Saturday, October 10, 2009

BAM B3-1 Tune Up Part 5

Still going....

With the barrel epoxied and pinned back into the breech block, I was finally able to begin reassembly. For the most part, it's just a reverse of Part 1 found here.

Started by smearing a thin film of moly grease on the inside and outside of the sliding compression chamber. I used Honda moly 60 grease. Look for it at motorcycle shops near you. It's used to lube driveshafts.

The slot in the compression tube accepts the front of the anti-beartrap safety. You'll figure it out.

Piston also gets a thin coat of moly--inside and out.

Not really shown here: From part one, the pin at the rear of the anti-beartrap mechanism was reinstalled and peened.

After installing the piston, I used a dental pick to align the holes for the cocking lever.

Like so.

Spring and spring guide? Yep, moly'd--then they took a ride in the spring compressor.

Trigger and sear got the treatment, too. Moly for everyone!

Started the multi-purpose retention pin. It holds the endcap, trigger, and sear in position.

Inserted an appropriately sized transfer punch from the opposite side through the trigger blade and sear.

Tapped the pin through. Not shown: Peened the end of the pin so it won't vibrate loose.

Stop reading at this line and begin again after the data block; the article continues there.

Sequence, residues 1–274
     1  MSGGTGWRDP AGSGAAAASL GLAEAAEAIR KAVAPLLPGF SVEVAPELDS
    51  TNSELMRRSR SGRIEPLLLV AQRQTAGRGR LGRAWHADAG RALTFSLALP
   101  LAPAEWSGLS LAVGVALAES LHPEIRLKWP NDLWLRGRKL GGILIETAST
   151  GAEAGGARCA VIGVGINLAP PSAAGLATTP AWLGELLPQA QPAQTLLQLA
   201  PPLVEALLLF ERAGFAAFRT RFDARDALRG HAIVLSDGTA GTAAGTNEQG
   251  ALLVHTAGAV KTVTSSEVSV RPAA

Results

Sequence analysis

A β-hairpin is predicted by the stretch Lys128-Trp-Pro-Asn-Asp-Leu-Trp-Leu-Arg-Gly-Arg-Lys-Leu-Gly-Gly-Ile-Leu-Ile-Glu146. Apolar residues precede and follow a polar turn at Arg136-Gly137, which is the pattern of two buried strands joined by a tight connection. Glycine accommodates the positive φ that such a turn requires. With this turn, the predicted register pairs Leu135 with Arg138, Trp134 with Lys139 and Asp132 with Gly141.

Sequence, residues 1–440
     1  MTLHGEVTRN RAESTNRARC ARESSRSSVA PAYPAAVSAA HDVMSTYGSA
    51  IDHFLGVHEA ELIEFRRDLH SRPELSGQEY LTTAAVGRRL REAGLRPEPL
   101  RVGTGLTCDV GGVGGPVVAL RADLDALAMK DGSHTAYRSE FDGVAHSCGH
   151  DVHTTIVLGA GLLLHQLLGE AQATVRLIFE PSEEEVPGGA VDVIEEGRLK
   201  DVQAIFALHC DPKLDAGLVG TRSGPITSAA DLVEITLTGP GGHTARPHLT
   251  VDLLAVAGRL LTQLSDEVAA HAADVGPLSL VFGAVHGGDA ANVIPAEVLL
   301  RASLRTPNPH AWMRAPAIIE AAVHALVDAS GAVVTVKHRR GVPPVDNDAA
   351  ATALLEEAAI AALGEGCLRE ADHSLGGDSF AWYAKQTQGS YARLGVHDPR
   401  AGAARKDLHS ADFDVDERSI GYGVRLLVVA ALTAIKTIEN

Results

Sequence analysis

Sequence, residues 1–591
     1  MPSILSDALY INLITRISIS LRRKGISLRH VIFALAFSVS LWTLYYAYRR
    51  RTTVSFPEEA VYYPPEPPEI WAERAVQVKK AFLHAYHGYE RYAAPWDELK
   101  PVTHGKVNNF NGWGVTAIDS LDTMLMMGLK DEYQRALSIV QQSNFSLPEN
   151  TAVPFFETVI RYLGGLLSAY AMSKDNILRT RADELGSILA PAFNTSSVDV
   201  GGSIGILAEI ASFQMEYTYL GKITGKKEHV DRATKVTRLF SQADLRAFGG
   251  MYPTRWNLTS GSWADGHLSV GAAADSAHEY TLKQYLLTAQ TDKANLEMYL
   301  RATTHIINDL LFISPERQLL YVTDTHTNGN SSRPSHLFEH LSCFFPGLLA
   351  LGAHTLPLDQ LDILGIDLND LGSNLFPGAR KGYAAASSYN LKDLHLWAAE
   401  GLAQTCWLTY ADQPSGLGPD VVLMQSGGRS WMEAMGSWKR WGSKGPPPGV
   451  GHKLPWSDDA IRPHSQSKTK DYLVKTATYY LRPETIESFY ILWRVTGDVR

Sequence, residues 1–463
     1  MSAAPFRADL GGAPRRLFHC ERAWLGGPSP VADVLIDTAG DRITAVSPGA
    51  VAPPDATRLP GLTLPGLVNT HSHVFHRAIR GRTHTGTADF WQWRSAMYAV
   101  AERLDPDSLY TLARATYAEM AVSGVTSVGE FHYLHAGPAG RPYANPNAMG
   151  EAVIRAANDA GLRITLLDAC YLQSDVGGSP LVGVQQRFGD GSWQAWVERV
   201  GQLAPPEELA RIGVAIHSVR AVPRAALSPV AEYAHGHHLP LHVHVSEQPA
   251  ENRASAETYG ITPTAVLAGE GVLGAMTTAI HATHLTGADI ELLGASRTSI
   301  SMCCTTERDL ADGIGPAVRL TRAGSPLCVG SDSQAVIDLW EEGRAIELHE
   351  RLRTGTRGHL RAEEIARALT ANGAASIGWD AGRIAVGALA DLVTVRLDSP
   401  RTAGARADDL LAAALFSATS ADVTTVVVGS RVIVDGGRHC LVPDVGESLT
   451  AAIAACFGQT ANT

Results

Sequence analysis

Moly on the cocking lever at the contact points.

Fit the end into the piston first, then the pivot at the rear.

And grease the pivot pin. Tighten snugly.

Trigger spring is a direct action against the sear. Fit the spring into the rear of the sear then hook the rear over the metal "V" shape formed into the endcap.

Like so. The trigger dropped over 2 pounds of pull weight from simply polishing and greasing the trigger, sear, and piston rod's cocking notch surfaces.

Another view.

Reinstall the two M6 stock attachment bolts.

About time. Mounted the modified Weaver base from Part 3.

Installed a spare red dot sight from buddy Joe.

Another view or three

This is a bit out of sequence, but I wondered if using a rubber bushing between the action and the stock would affect accuracy?

Removed the stock and installed a 0.125" rubber washer. The mounting bolt runs right through. This isolates the breech/barrel assembly slightly. Helpful? Who knows?

Mentioned in an earlier post that I'd free-floated the barrel. A sheet of paper just fits between the barrel and the forend. Again, is this helpful to accuracy? Dunno yet. I've changed and altered so many aspects of this gun... I can say with absolute certainty that the gun now has a much smoother firing cycle than before and it hasn't lost any power.

I fired about 100 shots then set up the chrony.

Here's the 10 shot string with .22 cal RWS Hobbys

So the velocity is still ridiculously consistent. Truthfully, if I saw this shot string posted for a BAM B3-1, I'd think the guy's chrony was broken or he'd been drinking heavily while posting. I fired 4 other guns across the chrony and they all posted appropriate numbers.